(the day that I began to see more)
and within this time I have been documenting
-the cornmeal activities we have presented to the children
-the cornmeal activities the children have created for themselves
-the lessons the children have taught me, along with the "more" that I have seen
It has been very exciting for all of us!
What a blessing it is
to live these...
to have lived these...
and I am sure that one day I will look back on these days and smile, grateful for
Ordinary Moments, Extraordinary Memories!
Here are some of the activities that we have enjoyed...
Activity #1- Cornmeal and Funnels
What I did: I put cornmeal in the red sensory table and provided funnels, turkey basters, cups and "scoopers" of various shapes and sizes. I wanted to give them the opportunity to use the materials to explore and make their own science discoveries (physics).
What they did: The children explored for a bit before finally bringing their own items to the table, declaring that they were going to make cupcakes and open a cupcake shop!
I see more: The fact that the children extended the activity did not surprise me. I expected them to do that. What I didn't expect was that as they saw me taking pictures of them engaged in the activity, they would ask me to "make a video" so they could do a cooking show. (unfortunately, my camera battery didn't have enough "juice")
Lesson Learned: Charge the battery next time so I can fulfill their request. There is no telling how far they would have taken this idea had I been prepared to follow their lead. Child initiated activities are so important for healthy growth and development and missed opportunities like this are impossible to get back!
Helpful Tip: Before you begin... know your children. Where are they developmentally? Are there any allergies? Are they ready for this type of activity? Are there cultural sensitivities that would make playing with food inappropriate?
Activity #2- Beans and Cornmeal
What I did: I put the cornmeal in the red sensory table, mixed in a bag of dry beans, and brought dinosaurs from the dramatic play area. (Social- Emotional Development, and Language and Literacy)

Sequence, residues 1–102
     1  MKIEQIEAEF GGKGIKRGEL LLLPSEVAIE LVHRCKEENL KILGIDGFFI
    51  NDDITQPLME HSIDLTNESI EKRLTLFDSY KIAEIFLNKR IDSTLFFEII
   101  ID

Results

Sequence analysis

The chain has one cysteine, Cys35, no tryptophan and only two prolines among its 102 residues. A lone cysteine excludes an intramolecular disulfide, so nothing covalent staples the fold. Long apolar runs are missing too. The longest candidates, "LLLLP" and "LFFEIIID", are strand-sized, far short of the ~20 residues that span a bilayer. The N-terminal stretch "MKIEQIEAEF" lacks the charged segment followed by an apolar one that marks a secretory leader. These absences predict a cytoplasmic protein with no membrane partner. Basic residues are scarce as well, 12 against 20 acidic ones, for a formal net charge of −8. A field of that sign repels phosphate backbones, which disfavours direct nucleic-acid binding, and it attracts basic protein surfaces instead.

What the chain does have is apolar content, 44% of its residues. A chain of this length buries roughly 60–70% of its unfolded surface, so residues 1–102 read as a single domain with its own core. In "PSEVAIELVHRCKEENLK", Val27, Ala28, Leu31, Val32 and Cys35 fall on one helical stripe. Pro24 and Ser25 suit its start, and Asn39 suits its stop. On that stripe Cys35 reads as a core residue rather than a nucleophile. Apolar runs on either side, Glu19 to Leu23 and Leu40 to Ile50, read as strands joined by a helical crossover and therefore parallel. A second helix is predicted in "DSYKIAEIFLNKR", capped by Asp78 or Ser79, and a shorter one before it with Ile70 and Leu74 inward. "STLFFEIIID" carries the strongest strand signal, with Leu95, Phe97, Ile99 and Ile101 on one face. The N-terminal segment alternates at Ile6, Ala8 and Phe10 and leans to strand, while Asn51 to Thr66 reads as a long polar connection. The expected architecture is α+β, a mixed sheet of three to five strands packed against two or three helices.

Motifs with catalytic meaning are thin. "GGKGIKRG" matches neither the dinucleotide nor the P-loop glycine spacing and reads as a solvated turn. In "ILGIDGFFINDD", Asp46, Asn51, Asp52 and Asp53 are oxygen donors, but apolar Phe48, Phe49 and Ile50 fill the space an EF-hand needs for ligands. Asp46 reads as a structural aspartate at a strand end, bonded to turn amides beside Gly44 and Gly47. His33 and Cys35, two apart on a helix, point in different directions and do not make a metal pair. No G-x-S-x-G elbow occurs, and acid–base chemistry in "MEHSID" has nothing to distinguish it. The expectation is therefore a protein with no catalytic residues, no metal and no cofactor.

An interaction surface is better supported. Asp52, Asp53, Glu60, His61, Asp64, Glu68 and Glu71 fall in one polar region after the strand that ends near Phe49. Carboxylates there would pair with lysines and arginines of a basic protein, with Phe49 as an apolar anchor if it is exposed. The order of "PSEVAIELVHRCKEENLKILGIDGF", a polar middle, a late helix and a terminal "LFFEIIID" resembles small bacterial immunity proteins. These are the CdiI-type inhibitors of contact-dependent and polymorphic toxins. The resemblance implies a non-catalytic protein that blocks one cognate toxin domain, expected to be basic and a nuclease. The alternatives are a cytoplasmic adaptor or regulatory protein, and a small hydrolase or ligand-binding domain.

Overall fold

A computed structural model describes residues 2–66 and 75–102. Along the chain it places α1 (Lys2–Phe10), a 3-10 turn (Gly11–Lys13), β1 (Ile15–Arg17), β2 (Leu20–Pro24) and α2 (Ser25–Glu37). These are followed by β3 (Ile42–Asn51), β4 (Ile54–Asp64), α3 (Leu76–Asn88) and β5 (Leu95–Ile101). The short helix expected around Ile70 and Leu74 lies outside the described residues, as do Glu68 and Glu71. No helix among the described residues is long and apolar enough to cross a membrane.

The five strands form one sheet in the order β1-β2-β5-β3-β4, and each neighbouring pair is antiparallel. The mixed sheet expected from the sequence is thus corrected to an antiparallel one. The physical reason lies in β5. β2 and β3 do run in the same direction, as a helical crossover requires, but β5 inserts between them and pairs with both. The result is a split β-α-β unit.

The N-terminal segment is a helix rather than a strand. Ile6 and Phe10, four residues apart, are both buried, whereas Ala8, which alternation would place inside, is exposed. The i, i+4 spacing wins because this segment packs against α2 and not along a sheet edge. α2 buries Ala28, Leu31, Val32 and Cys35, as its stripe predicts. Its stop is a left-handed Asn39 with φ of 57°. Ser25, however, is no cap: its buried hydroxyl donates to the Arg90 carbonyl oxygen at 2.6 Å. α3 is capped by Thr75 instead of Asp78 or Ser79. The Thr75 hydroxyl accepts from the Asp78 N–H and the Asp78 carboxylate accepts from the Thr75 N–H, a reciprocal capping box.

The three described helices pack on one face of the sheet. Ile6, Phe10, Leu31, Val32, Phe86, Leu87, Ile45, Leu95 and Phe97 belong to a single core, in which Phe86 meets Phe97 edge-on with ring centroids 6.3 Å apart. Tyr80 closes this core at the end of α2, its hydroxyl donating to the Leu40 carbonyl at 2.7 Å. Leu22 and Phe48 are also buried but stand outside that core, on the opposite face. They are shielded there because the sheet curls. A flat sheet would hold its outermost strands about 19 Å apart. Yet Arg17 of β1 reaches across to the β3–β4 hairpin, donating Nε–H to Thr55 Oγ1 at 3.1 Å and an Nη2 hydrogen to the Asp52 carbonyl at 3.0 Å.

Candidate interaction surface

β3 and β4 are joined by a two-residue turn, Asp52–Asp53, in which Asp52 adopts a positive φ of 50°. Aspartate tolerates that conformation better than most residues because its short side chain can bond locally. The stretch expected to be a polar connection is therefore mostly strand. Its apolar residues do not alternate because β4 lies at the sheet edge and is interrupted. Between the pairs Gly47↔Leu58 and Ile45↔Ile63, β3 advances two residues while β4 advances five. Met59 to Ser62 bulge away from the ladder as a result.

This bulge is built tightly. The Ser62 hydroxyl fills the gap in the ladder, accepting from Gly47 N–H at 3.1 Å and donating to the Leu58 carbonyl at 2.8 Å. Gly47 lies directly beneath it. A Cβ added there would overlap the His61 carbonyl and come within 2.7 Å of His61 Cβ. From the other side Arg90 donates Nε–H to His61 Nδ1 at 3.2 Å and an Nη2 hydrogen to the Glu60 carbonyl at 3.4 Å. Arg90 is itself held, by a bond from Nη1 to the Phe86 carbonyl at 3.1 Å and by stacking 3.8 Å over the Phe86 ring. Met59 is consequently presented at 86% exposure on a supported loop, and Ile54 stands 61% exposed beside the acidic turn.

What they did: Launched their dinosaurs into "full attack" mode accompanied with the appropriate sound effects. One of the children went to the dramatic play area and brought back eggs from the kitchen area so that the dinosaurs "could hatch their babies". (Awww, why didn't I think of that?)
I see more: The children brought more animals from the dramatic play area to add to the cornmeal and beans. I was shocked when one of the children apologized for bringing items that were not "prehistoric". I was not only shocked by the actual word choice used, but was wondering why he felt the need to apologize for their play. After all, isn't this "A Place For Little Hands"?
Lesson Learned: I should have set up the activity before the children came out to play. When children watch you gather materials for an activity, you run the risk of making them feel as if you have ownership of the activity. I figured that the reason the children apologized when they wanted to add a new concept to the activity was because they felt they were "messing up" my original idea.
Helpful Tip: Once you have set out an activity for children, be approachable. Let them bring whatever they feel will make the area complete, even if it wasn't in your initial plan. If needed, offer a verbal invitation and keep the ownership neutral by asking, "What else can we do here? Do you have any other ideas for this game?"
Activity #3-Cornmeal Racetrack
What I did: Created a "start to finish" desert racetrack.
(Social-Emotional Development, Language and Literacy, Mathematics, Directional Awareness)
What they did: The looks on their faces made my day as they gasped in awe and started claiming their cars. We're off to the races!
I see more: The children surpassed my developmental expectations of them on this day! My group consisted of 3 two-year-olds, 1 three-year-old, and 1 "just turned" four-year old. I really only expected them to race one time, and then use the cars to play in the "sand". I did not feel they were ready for a "structured" teacher-directed activity, but I was shocked when they raced, and then asked me to set it up again. They even waited patiently as we repositioned our "start/finish" letters and had to search for one of the missing T's.
Lesson Learned: Don't underestimate your kids. Remember to keep it fun, but if they are ready for more of a challenge... give them more!
Helpful Tip: Adapt this experience to make it challenging for older children. For instance, to build upon the Mathematics foundation (for older preschoolers) let children pull numbers out of a bowl, and count out that number of spaces with the car of their choice. The first one to the finish line is the winner. (Or for school age children) Jot down several appropriate math problems, and when children answer correctly, they get to move forward the number of spaces written on the back of the card. The first one to cross the finish line wins the game. Most of all, be creative and listen to ideas from the children.
(Click here to check out days 4 and 5)